Full Bore (PC) Preview: Going Hog Wild
Ben Sheene / Mar 27th, 2014 No Comments
I can’t recall a game where I was given control of a boar. A pig, maybe. I’m pretty sure The Lion King game for the SNES gave me control of Pumbaa, but he’s a warthog. Kind of similar right? Full Bore shuns decades of gaming character conventions and puts players in control of the majestic boar. And how does one incorporate such a noble beast into a game? By boring of course.
Boaring or boring, the joke isn’t lost on developer Whole Hog Games. This is a game where players control a male or female boar. After falling a ridiculous and laughable amount of time through a hole in the ground, the journey begins deep in an underground dig site. As a boar, players have the ability to “drill” through rocks and soil with their snout and tusks. But there are harder pieces of earth that just can’t be destroyed.
Gameplay in Full Bore requires your selected boar to dig out pathways to reach doors, collectibles or higher and lower ground. Though lacking a traditional jump, the boar can create a kind of staircase and climb block over block. Early in the game this concept is quite easy to grasp. Most platforms are already in place and require little manipulation.
As players explore the depths more, they discover sand-like blocks that crumble under the boar’s weight, lasers that can blast through hard rocks but require batteries to fire, and even blocks that automatically raise up whenever the boar comes close. Challenges are simple at first because only one or two types of blocks are involved. Further in, it gets a little more complicated.
Rather than relying on knee-jerk reactions, puzzles in Full Bore are more methodical. Upon entering a new area, players are advised to scan the room using the arrow keys or consult their map. A section usually isn’t just an up or down affair and secrets can be discovered in either direction. Drilling through the wrong block isn’t cause for concern either. Within minutes of starting the game, the boars are given an “ability” that allows them to rewind time. While not as crazy as it sounds, it merely gives players a way to backtrack and rethink the puzzle. Further into the game, it becomes a crucial tool for survival.
Getting lost in Full Bore is fairly easy. From the onset, very little direction is given. Your tiny boar is forced to dig after ending up in a tunneling company. The boar in charge thinks you’ve stolen from him and demands payback. Players know they need to dig for bright blue gems hidden underground but they don’t know where to start.
It sounds confusing and it can be for those assuming that a big red arrow will eventually come down to say “go here.” But deep in this massive underground world are tons of secret rooms and puzzles–they just need to be discovered. Similar to Fez, one room can connect to a series of rooms that also branch out into other rooms. All these caves have connections, but the puzzle is figuring out how to get to them.
I found myself initially baffled at how to progress in Full Bore. Thinking I needed to fall down an elevator shaft that may or may not have been the central hub, I tried multiple cave entrances. These led to workable puzzles and some dead ends. Assuming there was more to it, I took my boar and searched every possible nook and cranny. That dark square hidden behind some dirt? It looked like any sort of platform but was actually another cave entrance.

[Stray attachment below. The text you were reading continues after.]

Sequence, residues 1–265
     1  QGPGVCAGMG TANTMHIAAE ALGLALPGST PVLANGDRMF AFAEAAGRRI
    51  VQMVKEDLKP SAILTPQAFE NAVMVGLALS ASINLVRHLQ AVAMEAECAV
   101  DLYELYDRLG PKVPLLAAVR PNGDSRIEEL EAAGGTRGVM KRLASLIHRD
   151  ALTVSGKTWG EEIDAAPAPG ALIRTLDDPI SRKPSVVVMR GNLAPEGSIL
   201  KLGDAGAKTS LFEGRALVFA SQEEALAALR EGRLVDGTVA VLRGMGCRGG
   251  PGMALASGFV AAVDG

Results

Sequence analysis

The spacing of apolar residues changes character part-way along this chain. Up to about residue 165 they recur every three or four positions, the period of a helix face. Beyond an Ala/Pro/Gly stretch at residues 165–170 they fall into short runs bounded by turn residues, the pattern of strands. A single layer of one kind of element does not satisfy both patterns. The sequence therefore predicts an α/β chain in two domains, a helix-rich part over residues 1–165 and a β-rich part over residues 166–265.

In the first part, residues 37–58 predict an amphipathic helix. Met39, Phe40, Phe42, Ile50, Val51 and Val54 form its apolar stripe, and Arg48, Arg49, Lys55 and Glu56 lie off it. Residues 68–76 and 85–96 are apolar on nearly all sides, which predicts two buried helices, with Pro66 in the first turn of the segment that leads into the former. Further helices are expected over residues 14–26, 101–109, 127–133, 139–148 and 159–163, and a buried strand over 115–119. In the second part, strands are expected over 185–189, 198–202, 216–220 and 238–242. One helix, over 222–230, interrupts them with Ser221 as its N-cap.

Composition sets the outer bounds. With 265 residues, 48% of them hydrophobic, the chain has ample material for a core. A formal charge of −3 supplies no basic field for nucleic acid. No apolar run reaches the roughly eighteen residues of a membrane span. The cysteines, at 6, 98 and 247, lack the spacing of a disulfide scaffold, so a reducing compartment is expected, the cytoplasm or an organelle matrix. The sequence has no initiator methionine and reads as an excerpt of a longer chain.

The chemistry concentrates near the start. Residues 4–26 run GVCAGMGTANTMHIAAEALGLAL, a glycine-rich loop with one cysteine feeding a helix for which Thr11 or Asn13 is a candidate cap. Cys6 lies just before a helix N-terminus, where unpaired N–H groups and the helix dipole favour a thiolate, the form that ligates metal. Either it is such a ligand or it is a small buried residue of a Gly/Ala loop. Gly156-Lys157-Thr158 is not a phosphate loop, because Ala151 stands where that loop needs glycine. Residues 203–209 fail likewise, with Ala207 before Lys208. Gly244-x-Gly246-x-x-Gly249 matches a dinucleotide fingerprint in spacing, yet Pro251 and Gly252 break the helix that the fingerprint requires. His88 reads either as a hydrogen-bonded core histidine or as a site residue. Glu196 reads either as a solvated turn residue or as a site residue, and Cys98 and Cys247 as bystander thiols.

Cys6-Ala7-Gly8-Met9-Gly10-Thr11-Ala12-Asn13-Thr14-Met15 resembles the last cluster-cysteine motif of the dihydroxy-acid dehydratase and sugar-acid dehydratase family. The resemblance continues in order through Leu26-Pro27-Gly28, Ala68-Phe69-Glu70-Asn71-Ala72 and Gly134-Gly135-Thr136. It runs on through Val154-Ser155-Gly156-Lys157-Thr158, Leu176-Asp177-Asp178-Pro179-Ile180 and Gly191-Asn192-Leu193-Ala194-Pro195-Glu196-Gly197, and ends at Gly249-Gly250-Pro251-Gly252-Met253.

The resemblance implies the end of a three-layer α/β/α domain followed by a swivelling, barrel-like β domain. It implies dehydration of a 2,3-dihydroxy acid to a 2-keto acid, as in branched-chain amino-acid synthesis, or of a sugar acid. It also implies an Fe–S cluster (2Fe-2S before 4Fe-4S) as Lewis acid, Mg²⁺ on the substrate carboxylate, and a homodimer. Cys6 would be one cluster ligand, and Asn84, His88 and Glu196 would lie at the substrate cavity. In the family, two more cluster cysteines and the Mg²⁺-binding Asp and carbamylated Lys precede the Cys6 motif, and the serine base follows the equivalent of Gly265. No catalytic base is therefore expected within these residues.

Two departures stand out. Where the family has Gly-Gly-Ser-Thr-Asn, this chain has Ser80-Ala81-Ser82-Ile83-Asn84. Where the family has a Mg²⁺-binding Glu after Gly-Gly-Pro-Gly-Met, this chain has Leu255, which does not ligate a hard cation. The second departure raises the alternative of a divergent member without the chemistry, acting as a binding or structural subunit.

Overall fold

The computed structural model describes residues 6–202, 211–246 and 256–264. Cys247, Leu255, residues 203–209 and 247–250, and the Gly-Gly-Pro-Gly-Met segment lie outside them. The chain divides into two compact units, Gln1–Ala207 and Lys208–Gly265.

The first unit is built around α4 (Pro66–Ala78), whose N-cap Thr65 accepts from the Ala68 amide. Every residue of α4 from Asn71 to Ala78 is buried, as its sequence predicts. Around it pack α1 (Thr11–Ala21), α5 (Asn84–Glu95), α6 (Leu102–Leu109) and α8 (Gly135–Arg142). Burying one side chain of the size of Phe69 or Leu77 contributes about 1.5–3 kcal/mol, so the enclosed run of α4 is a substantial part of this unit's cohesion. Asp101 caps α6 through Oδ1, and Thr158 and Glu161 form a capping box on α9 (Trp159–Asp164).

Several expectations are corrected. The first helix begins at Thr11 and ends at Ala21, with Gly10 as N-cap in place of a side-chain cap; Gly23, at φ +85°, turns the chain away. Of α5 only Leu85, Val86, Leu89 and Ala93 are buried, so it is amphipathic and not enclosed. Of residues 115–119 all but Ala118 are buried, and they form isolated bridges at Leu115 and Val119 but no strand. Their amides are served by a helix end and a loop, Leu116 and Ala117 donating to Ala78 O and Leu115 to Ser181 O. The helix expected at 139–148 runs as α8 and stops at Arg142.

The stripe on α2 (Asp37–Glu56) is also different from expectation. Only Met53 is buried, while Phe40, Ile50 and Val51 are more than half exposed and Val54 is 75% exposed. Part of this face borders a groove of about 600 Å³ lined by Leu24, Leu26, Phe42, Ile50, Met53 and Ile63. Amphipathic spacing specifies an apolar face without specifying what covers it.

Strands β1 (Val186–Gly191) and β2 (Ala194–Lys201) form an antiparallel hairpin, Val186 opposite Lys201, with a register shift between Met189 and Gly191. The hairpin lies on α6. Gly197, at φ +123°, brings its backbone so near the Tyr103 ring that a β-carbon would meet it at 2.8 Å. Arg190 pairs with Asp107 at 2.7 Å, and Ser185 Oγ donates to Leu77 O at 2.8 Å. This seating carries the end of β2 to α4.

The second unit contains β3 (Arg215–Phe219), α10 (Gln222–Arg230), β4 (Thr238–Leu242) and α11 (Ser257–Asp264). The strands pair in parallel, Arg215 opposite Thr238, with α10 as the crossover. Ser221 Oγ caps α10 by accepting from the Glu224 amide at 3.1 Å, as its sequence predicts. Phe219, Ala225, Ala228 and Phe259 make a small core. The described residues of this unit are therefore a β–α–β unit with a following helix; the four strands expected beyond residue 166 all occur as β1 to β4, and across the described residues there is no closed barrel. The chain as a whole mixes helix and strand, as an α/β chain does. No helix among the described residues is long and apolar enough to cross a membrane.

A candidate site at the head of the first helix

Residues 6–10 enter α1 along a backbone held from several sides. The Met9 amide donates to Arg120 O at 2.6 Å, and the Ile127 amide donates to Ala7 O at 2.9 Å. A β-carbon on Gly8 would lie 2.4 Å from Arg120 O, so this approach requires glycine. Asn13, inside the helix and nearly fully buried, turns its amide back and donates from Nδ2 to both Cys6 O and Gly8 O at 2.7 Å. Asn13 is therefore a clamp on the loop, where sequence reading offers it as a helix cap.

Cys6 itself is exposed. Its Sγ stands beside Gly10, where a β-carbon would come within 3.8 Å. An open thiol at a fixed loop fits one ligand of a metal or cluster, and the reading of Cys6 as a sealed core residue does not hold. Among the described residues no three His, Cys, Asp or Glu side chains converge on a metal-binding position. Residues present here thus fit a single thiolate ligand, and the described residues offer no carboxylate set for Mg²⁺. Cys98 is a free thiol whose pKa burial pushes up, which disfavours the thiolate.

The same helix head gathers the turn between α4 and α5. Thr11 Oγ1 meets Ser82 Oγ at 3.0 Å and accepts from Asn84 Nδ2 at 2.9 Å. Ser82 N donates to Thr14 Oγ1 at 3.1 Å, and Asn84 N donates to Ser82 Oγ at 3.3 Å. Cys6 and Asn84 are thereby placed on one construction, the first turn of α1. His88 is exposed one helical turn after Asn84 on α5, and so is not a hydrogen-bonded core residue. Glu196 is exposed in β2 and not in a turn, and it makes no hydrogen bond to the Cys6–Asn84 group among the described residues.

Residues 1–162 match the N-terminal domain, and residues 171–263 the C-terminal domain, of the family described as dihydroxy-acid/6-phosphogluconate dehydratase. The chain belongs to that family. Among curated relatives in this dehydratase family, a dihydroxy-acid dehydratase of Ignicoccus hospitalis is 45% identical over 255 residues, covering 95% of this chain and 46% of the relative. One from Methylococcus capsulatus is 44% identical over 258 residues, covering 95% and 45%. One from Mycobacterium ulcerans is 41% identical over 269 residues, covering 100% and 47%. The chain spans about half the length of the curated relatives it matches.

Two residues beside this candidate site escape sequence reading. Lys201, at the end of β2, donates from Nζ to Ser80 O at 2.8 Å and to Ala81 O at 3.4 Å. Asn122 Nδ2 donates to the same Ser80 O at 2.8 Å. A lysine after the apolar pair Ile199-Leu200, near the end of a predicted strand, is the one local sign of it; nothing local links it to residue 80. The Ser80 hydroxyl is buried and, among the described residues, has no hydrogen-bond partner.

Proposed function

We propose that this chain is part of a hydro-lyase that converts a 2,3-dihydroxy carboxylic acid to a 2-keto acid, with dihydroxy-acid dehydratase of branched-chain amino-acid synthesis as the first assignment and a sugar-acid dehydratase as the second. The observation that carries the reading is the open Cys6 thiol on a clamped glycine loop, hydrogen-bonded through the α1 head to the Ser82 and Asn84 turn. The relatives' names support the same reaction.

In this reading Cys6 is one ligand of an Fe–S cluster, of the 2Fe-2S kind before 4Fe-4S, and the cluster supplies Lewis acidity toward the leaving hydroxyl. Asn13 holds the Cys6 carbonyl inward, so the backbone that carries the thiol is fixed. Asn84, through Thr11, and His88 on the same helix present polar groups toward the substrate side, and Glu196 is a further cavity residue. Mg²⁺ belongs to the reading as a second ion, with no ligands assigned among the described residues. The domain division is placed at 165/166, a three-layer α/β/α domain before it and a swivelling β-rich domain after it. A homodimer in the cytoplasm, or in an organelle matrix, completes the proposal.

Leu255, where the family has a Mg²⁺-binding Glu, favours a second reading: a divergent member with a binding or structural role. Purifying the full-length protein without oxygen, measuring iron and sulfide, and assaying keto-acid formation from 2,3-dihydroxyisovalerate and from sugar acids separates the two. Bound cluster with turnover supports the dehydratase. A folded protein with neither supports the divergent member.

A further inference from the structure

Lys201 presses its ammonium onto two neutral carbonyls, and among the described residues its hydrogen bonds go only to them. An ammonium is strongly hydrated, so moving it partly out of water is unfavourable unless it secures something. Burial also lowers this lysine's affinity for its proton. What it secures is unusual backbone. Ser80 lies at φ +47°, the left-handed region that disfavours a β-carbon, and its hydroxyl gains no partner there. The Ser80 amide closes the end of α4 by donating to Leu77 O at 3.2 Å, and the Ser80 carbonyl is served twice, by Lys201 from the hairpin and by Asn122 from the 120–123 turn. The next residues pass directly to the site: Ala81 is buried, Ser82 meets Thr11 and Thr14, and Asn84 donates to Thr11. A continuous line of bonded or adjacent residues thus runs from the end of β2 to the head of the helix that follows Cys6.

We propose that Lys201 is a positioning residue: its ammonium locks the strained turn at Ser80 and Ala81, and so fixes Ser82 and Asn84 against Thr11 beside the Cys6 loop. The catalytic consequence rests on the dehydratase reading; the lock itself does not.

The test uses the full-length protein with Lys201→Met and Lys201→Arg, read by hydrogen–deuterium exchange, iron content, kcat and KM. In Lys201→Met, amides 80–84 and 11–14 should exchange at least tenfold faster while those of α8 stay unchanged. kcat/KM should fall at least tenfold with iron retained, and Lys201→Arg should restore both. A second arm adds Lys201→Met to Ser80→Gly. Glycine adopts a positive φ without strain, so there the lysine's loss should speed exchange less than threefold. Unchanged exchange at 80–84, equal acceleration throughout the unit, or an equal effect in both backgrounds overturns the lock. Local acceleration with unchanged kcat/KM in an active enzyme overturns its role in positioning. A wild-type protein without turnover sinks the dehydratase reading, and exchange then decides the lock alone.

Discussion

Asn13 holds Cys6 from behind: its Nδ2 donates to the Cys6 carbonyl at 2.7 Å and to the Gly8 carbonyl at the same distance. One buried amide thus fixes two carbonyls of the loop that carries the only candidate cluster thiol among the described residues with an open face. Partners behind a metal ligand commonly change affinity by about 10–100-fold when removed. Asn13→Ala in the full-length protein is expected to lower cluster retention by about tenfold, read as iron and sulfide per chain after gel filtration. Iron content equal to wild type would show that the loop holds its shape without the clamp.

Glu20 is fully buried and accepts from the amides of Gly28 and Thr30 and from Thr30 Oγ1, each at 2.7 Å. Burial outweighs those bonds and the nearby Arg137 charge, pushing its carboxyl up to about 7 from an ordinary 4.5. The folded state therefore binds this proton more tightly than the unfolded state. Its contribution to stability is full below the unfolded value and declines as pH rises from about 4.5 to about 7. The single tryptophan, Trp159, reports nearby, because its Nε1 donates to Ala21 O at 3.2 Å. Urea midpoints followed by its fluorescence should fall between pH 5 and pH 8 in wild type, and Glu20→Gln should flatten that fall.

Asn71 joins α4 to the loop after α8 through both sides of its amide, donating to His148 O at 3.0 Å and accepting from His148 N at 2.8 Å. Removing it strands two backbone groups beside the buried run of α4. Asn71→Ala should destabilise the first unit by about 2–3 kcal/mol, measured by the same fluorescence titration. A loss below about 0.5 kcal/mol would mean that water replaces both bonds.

Opportunities like this exist throughout the game. What looks like an inaccessible section might just be a hidden entrance away. Still, this obtuse way of exploration and puzzle solving does have its moments of difficulty. Platforming sections will still leave players scratching their heads and backtracking often. Being bested by a laser puzzle several times only to figure it out after revisiting is common. Being so open-ended, many forward thinking players might assume that some tool or ability will unlock later to assist them. It’s a fair thought but most puzzles beg for a couple tries before completely giving up.
The First Dig
Currently, Full Bore’s first half, “The First Dig” is available. It’s this first part that should have most players fully hooked. From an audio/visual standpoint, the game seems to have everything together. The dark and moody pixel art shoots for simplistic. It’s able to create a distinct palette that clearly visualizes the world and puzzles.
Boars are animated just enough to give off their own personality. Their eyes bulge when teetering on a high platform and the way they bash their heads to dig is just funny. Even without words, the NPCs all feel distinct due to their clever design. Music is done by The Adjective Plural Noun and provides an oddly calming soundtrack that is part blues, part rock. As a service, the name of the track playing is displayed whenever entering a new section.
[adsense250itp]By the time Part Two: Into Hard Earth of Full Bore is added at a later date, it should give a clearer picture to the overall story of the game. It might not seem like it, but packed into all that earth is a story about what secrets lie at the lowest depths of the dig site. Computer terminals containing emails or journal entries hint at experiments taking place and something befalling “humanity.” Anyone who enjoys a minimalist approach that provides that right amount of creepy and intrigue will want to dig for more.
Full Bore is planned for release on Steam this spring. Players should expect it sometime in late April or early May. No price has been announced.
Part One is currently available on Whole Hog Games’ website. Anyone who purchases it will receive Part Two when it launches at no additional cost.
For a look at Full Bore in action, check out the video below.
Full Bore Trailer
tags: Full Bore , nkidu games , pc , preview , Whole Hog Games